Further, the text of Article 16 requires that “Serious economic, societal or environmental difficulties” be caused by the operation of the Protocol. The difficulties cited in the UK Command paper as a basis for potentially invoking Article 16: many of these including some increase in tensions between the North and South, could be more plausibly attributed to Brexit itself and the inherent difficulty of maintaining the delicate equilibrium in the Belfast Good Friday Agreement while removing the UK from the EU. It may be true, as most of the analysis in the UK Command paper suggests, that the Protocol has not solved the difficulties or has managed them in a sub-optimal manner. But this does not make a case for invoking Article 16, since the underlying serious difficulties do not arise from the application of the Protocol.

“Trade diversion” is a separate ground for invoking Article 16 that has sometimes been mentioned. The notion here seems to be that any significant changes in trade flows constitute “trade diversion.” A difficulty with that reading is that on any scenario that preserved the Belfast Good Friday Agreement and thus avoided a hard border between the North and the South, the EU would be compelled to enforce its laws and regulations that pertain to products entering the EU from third countries through some method. This doubtless would affect UK trade, as the UK is now such a third country. UK products losing with Brexit the benefit of regulatory harmonization with the EU, doubtless a structural consequence of Brexit, is an alteration of supply chains and trade flows to some extent. Again, however, the Protocol or its application (as opposed to Brexit) did not give rise to these difficulties even if some are disappointed that it did not solve them more fully.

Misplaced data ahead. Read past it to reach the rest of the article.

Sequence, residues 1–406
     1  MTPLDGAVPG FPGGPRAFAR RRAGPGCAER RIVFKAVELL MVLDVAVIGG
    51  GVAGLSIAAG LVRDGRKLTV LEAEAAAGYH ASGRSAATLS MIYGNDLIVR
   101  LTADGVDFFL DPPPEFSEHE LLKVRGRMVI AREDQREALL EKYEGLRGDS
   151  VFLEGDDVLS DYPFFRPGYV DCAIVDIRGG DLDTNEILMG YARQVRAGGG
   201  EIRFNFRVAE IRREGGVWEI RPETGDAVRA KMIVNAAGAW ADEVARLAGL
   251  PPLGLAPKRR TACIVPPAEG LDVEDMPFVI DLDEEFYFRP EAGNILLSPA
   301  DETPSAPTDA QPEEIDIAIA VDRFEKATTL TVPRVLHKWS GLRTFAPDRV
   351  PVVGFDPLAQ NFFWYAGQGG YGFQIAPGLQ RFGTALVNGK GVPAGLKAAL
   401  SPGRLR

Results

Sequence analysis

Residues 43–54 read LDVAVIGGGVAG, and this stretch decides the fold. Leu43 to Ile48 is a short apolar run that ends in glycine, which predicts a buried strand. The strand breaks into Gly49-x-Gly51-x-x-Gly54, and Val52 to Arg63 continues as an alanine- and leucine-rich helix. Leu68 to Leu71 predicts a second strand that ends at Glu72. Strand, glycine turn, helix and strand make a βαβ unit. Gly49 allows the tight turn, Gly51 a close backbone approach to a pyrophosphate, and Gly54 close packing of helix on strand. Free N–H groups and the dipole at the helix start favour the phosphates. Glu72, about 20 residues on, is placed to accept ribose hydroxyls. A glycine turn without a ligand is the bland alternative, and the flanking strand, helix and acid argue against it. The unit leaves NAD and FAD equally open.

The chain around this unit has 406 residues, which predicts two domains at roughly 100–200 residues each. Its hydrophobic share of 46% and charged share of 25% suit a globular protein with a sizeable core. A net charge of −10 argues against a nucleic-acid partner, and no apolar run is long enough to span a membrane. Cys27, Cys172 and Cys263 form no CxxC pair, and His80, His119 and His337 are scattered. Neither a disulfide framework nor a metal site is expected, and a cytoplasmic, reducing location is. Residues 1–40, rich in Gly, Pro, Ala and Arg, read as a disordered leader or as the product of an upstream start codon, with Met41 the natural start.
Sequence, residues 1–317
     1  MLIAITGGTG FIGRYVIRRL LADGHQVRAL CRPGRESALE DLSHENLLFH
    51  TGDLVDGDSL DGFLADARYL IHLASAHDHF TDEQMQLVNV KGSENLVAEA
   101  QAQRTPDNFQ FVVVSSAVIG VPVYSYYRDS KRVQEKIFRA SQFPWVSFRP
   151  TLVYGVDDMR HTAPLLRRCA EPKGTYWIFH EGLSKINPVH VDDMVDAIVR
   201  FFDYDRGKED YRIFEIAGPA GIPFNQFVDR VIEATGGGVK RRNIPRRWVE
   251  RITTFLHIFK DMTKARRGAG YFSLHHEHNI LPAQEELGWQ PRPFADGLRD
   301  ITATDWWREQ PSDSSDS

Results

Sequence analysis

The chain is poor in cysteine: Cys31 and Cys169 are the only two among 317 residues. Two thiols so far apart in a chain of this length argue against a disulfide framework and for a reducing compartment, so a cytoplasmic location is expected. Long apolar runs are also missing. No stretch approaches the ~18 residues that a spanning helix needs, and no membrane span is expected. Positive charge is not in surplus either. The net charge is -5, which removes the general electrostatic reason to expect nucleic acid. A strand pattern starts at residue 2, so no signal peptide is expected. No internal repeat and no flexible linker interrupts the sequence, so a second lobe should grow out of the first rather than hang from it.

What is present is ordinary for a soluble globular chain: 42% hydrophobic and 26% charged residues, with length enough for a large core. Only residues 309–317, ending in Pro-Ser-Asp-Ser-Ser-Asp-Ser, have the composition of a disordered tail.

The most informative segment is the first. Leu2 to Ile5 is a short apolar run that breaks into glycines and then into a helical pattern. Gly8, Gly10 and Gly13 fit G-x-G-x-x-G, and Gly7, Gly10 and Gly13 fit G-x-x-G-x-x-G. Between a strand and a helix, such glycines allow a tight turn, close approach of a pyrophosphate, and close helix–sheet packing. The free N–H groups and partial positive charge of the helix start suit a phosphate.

It is thus quite uncertain that the UK government could justify invoking Article 16 as reasonable and appropriate, to repeat Boris Johnson’s words. But regardless of whether London’s arguments would prevail in a dispute tribunal, invoking Article 16 immediately triggers the right of the EU to respond with rebalancing measures.  While Article 16(2) requires that such rebalancing measures “be strictly necessary to remedy the imbalance” and that they be “proportionate” the fact remains that this clause provides a party faced with safeguard measures a great deal of scope to respond quickly, with considerable uncertainty as to the political or economic consequences that might be inflicted by “rebalancing.” These consequences would be felt in some cases immediately, while the question of whether the measures conformed to the requirements of Article 16(2) would be decided many months and perhaps well over a year later by an arbitral panel. 

Given the uncertainty and complexity surrounding the interpretation of Article 16, the only “reasonable and appropriate” response to border control difficulties is to redouble working level cooperation and try to make the arrangements more efficient. Managing the temperature of political rhetoric and avoiding the legally untutored brandishing of Article 16 as a weapon would be positive steps. The EU at least seems still prepared to roll up its sleeves and work constructively for better outcomes on the ground, and for now at least the UK government says it will give such efforts a chance.

 

Robert Howse is the Lloyd C. Nelson Professor of International Law at NYU School of Law. This article is based on the author’s recent DCU Brexit Institute Working Paper, which is available here

Robert Howse will be a speaker at the DCU Brexit Institute’s Book Conference on the Northern Ireland Protocol on November 18-19.

The views expressed in this blog reflect the position of the author(s) and not necessarily that of the Brexit Institute Blog.